: (case-insensitive)
Returns true if the string is contained in the provided list. Can only be used to compare strings.
like (case-sensitive)
Returns true if the string matches a wildcard pattern in the provided list. Can only be used to compare strings. For case-insensitive matching, use like~.
regex (case-sensitive)
Returns true if the string matches a regular expression pattern in the provided list. For supported regular expression syntax, see Regular expression syntax. Can only be used to compare strings. For case-insensitive matching, use regex~.

Math operatorsedit

+  -  *  /  %
+ (add)
Adds the values to the left and right of the operator.
- (subtract)
Subtracts the value to the right of the operator from the value to the left.
* (multiply)
Multiplies the values to the left and right of the operator.
/ (divide)

Divides the value to the left of the operator by the value to the right.

If both the dividend and divisor are integers, the divide (\) operation rounds down any returned floating point numbers to the nearest integer. To avoid rounding, convert either the dividend or divisor to a float.

Example
The process.args_count field is a long integer field containing a count of process arguments.

A user might expect the following EQL query to only match events with a process.args_count value of 4.

process where ( 4 / process.args_count ) == 1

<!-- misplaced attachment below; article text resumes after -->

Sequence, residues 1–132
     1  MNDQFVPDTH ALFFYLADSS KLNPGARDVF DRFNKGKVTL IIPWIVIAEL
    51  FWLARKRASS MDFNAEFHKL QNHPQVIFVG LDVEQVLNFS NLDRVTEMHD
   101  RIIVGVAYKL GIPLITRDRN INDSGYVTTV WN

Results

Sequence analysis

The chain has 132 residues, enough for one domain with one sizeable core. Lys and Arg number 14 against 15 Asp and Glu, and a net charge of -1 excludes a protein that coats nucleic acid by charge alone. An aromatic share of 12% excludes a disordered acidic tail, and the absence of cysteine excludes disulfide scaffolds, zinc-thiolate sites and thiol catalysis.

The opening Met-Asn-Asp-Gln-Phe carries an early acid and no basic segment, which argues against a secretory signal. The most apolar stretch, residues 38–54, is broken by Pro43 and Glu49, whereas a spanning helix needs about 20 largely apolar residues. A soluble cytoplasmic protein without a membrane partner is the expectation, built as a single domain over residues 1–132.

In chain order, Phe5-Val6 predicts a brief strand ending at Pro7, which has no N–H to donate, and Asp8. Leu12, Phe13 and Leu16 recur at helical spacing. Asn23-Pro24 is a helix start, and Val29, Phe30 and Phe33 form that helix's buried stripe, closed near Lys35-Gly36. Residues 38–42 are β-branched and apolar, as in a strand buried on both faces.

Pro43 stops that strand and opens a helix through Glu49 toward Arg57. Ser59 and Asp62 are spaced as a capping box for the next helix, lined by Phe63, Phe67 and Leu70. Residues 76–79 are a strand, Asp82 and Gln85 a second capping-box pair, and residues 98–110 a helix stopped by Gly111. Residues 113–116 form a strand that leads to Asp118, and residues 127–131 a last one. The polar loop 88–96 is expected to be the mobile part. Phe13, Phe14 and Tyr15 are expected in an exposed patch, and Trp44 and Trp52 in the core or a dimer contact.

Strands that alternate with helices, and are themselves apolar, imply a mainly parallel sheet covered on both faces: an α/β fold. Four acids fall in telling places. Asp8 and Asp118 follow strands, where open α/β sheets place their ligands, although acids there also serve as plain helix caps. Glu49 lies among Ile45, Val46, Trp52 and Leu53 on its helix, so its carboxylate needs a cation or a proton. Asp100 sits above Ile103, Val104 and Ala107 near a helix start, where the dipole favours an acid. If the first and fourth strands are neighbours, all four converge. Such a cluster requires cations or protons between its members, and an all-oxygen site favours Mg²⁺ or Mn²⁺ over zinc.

However, the EQL query matches events with a process.args_count value of 3 or 4.

For events with a process.args_count value of 3, the divide operation returns a float of 1.333..., which is rounded down to 1.

To match only events with a process.args_count value of 4, convert either the dividend or divisor to a float.

The following EQL query changes the integer 4 to the equivalent float 4.0.

process where ( 4.0 / process.args_count ) == 1
% (modulo)
Divides the value to the left of the operator by the value to the right. Returns only the remainder.

Match any conditionedit

To match events solely on event category, use the where true condition.

For example, the following EQL query matches any file events:

file where true

To match any event, you can combine the any keyword with the where true condition:

any where true

Check if a field existsedit

To match events containing any value for a field, compare the field to null using the != operator:

my_field != null

To match events that do not contain a field value, compare the field to null using the == operator:

my_field == null

To avoid errors, the field must contain a non-null value in at least one document or be explicitly mapped.

Stringsedit

Strings are enclosed in double quotes (").

"hello world"

Strings enclosed in single quotes (') are not supported.

Escape characters in a stringedit

When used within a string, special characters, such as a carriage return or double quote ("), must be escaped with a preceding backslash (\).

"example \r of \" escaped \n characters"
Escape sequence Literal character

\n

Newline (linefeed)

\r

Carriage return

\t

Tab

\\

Backslash (\)

\"